2 MAX KAULBACH PHILADELPHIA PA 914 23 M 1 20-24    26:43.8 5:21/M
3 NICK SOUSA SALEM MA 1630 29 M 1 25-29                 27:38.3 5:32/M
4 JAMES PAWLICKI LYNN MA 1130 38 M 1 35-39            27:40.2 5:32/M
5 BRYAN MENDES PEABODY MA 352 17 M 1 15-19           28:28.2 5:42/M

Complete results

Two strides behind Nick at the line

Wednesday, November 21, 2012

Harold A. King Town Forest Swampscott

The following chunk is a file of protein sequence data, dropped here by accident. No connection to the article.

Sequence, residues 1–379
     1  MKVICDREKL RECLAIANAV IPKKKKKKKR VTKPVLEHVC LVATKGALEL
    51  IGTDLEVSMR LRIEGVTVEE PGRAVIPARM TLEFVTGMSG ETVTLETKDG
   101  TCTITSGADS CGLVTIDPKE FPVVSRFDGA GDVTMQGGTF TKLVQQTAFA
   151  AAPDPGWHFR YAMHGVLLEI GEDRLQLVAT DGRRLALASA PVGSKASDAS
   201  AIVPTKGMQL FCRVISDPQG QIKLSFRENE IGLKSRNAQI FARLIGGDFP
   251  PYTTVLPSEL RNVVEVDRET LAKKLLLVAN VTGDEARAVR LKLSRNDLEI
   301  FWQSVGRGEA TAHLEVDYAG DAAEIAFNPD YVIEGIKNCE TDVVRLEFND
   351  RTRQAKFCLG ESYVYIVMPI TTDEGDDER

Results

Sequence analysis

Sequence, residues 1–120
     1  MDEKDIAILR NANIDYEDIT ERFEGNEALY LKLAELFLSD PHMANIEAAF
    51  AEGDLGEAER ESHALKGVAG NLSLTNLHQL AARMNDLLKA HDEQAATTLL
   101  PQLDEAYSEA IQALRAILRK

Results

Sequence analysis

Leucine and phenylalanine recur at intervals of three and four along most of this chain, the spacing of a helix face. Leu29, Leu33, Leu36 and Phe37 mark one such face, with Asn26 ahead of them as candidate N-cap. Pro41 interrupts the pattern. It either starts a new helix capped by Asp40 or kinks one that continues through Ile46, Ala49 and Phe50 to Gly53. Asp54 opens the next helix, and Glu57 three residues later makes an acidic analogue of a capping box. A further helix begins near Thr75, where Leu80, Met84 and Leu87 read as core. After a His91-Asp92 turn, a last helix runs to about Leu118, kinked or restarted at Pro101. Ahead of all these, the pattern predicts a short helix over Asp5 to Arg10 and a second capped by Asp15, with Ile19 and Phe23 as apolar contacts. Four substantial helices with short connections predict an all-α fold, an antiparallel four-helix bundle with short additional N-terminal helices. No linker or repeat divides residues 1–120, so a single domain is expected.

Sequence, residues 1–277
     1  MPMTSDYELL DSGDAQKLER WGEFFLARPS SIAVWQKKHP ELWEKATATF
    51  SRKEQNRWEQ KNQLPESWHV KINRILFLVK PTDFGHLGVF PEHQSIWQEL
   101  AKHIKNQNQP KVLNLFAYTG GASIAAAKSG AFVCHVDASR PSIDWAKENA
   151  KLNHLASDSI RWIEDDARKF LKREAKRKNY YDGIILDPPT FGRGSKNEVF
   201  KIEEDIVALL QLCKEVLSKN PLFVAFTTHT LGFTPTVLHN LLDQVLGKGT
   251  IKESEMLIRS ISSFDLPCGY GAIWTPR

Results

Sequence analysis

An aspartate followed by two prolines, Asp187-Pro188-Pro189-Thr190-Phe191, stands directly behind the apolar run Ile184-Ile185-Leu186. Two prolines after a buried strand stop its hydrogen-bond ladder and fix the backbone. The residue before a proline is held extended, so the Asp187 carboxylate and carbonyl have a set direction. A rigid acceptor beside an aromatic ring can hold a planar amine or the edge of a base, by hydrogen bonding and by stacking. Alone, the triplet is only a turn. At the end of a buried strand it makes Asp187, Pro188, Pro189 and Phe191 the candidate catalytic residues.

While seeking out local trails on google maps (anything with a lack of streets), I could see a good stretch of land with the name of Harold A. King town forest in the upper north west section of Swampscott. This is less than a mile from my house. It is also known as the Oscar Short Conservation land or merely Harold King town forest. It includes 42 acres. I found requests in the WickedLocal site for volunteers for trail maintenance over the past few years and a blog write up from a gent who was visiting each town in MA. Despite a lack of information on the land in terms of maps or friendly entry, I headed out for a mid morning run to explore that area from my doorstep. I got to the official trail head at the end of Nichols Street, a dead end street which dropped down from Windsor Avenue. The sign has been weathered pretty good but you can faintly see the name, Oscar Short Land conservation area. Orange markings on the trees seemed to lead the way. I went in about 200m and it was clear that this was going to be a hike and not conducive to running at the pace I wanted to. I went back there today with Krissy to check out the trail and get some pictures. The trail is marked as you walk counter-clock wise with orange paint on trees or rocks. If you turn around, your in a bit of trouble as the trail is not marked in the clockwise direction and the trail is not obvious. It is clear that this trail is not walked or hiked often due to the amount of down branches, trees, and thorny brush impeding. We came upon an abandoned car from the 1950's in it's own grave about 15 minutes into the hike. The left fender was close by while the hood of the car was up trail about 100 meters. I love to see cars in it's patina state. The stories that the car could tell. I would imagine the car has been there for 40 plus years and entered from the rare fire road that led to the backyard of someone's house 500 meters away up a hill. It had a makeshift fence to keep people out of the secondary backyard that held a shack-like garage with a busted window. The german shepherd from the house 300m away warned me of his presence. In all, it took us about 45 minutes to meander through through the town forest via orange marked trail. I could see just two other entrance ways into this forest but they would certainly require going through someone's yard which I would not advise. We stopped several times to enjoy the scenery and take photos which Krissy has hosted. I would encourage anyone to check this out for a nice hike on little used trails.